Crowds on Monday marched through Chicago as they continued to protest police brutality against African Americans and last week’s killing of George Floyd in Minneapolis. Protesters walked through Chicago’s North Side neighborhoods like Lincoln Park and Uptown. Longer term, the impacts of both COVID-19 reopening and added uncertainty over citywide shutdown has left restaurant owners, like Stephanie Hart, in a state of confusion. Hart, of Brown Sugar Bakery in Greater Grand Crossing, was supposed to resume baking on Tuesday, and had just brought back her bakery’s employees as she geared up for outdoor dining.
Lightfoot on Tuesday announced the city will allow restaurants to reopen on Wednesday and will close down six streets, including 75th Street on the South Side, to make room so restaurants could safely set up tables and chairs.
Hart’s bakery wasn’t damaged in the protest, but she’s worried about her community saying she didn’t get much sleep on Sunday night. On Monday morning, Hart says she was on the phone with other restaurant owners, trying to figure out how they could work together, to ensure windows are boarded up and that members of her community get the proper support. The mayor even made a visit on Monday afternoon to 75th Street. Real estate agents were organizing to get windows boarded up. 5 Loaves Eatery posted a photo of volunteers helping on Tuesday. Taking care of damage isn’t as simple as calling up an insurance company, Hart says.
She’s been bothered by that social media narrative that damage from looting is negligible because insurance will pay for the costs of damages: “Do we have insurance?” Hart asks. “Because business interruption insurance didn’t have anything for us. I don’t know if riots are covered.”
Insurance companies have not been paying restaurants for having business interruption coverage during the pandemic. Restaurants seek that type of coverage for payouts when they can no longer operate their businesses.
Blogger Aaron Oliver says the city cutting off access — via expressway ramp closure, CTA shutdowns, and the city’s curfew — will make it more difficult for potential customers to patronize the many restaurants owned by African Americans that reside on the South and West sides. Even though the city and state have released reopening guidelines as Chicago recovers from the pandemic, many restaurant owners tell Eater Chicago that city and state officials have failed them, leaving them to make difficult calls during this challenging time.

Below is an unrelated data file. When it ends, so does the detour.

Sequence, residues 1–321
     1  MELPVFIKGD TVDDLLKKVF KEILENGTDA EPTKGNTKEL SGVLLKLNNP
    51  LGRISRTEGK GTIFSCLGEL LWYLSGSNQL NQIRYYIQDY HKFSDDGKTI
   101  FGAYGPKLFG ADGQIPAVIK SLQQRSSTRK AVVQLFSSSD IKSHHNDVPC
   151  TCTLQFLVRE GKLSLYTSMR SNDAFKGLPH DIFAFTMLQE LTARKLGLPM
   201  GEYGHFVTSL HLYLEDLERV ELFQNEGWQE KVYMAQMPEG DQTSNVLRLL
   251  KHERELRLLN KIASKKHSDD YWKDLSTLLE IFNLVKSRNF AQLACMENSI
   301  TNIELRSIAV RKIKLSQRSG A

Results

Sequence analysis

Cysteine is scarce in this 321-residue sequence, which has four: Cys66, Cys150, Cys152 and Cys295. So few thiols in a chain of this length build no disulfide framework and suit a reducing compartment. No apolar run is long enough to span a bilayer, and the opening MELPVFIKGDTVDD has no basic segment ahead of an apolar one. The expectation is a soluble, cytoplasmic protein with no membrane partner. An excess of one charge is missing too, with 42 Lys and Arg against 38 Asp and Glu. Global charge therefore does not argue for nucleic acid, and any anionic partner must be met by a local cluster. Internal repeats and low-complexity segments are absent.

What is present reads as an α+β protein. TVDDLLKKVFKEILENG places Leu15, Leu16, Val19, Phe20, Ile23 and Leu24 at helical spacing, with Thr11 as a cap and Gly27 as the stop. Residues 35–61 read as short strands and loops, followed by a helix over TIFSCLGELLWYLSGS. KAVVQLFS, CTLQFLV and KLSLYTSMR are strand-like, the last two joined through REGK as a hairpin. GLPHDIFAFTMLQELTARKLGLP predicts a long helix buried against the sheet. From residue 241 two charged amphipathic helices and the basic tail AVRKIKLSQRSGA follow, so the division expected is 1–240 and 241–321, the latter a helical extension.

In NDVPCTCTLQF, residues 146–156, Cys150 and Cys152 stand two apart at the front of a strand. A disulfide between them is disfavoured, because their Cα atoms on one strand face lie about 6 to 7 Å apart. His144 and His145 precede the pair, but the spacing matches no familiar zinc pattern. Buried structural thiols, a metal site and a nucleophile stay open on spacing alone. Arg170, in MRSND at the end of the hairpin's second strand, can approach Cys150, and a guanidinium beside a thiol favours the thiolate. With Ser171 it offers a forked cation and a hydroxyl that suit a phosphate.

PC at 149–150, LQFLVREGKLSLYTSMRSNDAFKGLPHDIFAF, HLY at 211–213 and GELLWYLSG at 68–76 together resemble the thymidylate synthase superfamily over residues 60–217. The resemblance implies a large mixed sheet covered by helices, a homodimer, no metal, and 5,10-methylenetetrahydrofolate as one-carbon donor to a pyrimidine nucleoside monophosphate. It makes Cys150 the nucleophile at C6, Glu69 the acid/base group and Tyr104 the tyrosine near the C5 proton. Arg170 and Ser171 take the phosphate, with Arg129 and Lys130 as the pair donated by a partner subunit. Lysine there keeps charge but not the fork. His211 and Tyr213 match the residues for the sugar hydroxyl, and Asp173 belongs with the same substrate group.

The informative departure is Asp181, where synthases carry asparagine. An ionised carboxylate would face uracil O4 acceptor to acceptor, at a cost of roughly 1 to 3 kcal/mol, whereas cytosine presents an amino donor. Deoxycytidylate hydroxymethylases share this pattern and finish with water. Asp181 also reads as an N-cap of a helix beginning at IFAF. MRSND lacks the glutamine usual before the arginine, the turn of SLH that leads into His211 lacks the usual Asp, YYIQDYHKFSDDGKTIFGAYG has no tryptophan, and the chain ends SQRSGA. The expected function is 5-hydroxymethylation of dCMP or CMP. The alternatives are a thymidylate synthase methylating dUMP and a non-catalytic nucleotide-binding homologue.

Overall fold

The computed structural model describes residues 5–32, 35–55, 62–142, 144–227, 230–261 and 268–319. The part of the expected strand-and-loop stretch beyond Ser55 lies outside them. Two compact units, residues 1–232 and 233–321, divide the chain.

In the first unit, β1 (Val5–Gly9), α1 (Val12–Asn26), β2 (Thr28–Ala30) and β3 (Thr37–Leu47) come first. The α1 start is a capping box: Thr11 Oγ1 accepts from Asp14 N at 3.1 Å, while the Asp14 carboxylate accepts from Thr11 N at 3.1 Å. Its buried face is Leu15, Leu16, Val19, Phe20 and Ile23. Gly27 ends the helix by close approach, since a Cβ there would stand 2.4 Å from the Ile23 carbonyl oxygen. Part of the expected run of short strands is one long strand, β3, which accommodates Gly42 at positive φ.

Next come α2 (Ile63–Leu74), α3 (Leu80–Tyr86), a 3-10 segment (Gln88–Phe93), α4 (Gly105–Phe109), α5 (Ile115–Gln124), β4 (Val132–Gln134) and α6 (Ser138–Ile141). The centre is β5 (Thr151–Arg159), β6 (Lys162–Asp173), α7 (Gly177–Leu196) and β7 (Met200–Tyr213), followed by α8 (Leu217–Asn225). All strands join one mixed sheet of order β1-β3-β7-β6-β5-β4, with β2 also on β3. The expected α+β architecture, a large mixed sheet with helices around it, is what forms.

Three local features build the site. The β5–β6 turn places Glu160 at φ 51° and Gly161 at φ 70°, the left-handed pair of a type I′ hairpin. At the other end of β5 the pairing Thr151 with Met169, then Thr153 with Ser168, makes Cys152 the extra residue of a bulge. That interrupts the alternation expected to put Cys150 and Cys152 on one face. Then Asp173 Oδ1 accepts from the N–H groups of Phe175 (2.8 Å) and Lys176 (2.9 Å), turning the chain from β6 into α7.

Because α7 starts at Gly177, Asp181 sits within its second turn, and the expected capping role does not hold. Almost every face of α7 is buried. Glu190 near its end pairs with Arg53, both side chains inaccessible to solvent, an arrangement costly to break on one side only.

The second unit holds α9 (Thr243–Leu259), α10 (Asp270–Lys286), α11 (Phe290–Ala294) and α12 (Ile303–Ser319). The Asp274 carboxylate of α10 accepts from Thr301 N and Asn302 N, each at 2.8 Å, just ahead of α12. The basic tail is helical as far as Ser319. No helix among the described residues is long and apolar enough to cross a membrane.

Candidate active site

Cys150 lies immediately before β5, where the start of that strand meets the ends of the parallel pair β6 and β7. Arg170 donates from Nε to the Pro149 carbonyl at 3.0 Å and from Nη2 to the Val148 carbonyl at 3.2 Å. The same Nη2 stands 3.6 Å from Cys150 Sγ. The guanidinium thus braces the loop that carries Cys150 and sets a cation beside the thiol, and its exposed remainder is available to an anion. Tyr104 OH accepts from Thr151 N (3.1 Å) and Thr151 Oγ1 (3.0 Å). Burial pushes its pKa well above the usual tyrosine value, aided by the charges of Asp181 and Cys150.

The obstacles for Chicago’s Black food scene are even greater, says Oliver, who’s been writing about Black-owned restaurants for four years at Seasoned & Blessed. That’s why he’s in April he assembled a list of Black-owned restaurants to uplift minority-owned businesses during the pandemic. They don’t receive the same resources as white-owned restaurants. Over the last few weeks, he’s encountered racism from those who question the need for such a list. Oliver describes those reactions as the “all restaurants matter” argument, which is derivative of the flawed “all lives matter” response, one that ignores systematic oppression to create false equivalencies.
Jeremy Joyce, who runs the website Black People Eats, has started a fundraiser for Black-owned restaurants that were looted, including Mabe’s Deli and Harold’s Chicken in Greater Grand Crossing, plus Kilwin’s and Caribbean Jerk Palace in South Loop. Joyce hopes to raised $20,000 and give each owner $500. If all goes well, he hopes to have the donations ready by June 19, which is Juneteenth, a holiday that celebrates emancipation.
Over in Logan Square, restaurateur Esam Hani recruited a group of friends to stand watch over Red Star Liquors and his other businesses to ward off vandals, according to Block Club Chicago. The damage over by vandals on the North Side can have a ripple effect on marginalized populations. For example, South Side-born chef Lamar Moore (Vegas Chef Prize Fight) was working out of the Old Town Roots Handmade Pizza location to make meals for José Andrés’s charity, World Central Kitchen. Those meals were delivered for South and West side residents impacted by COVID-19. Moore has stopped making meals this week as he worries about his safety.
Hart was at a loss for words in terms of what the industry’s next step would be. One thing she won’t do is hide at home. She wants to be visible in her community, talking with other restaurant owners and cleaning up. Actions need to go beyond just swapping a social media profile photo with a black square.
“This is truly uncharted territory,” Hart says. “But I do know that I need to do something. I can do something,”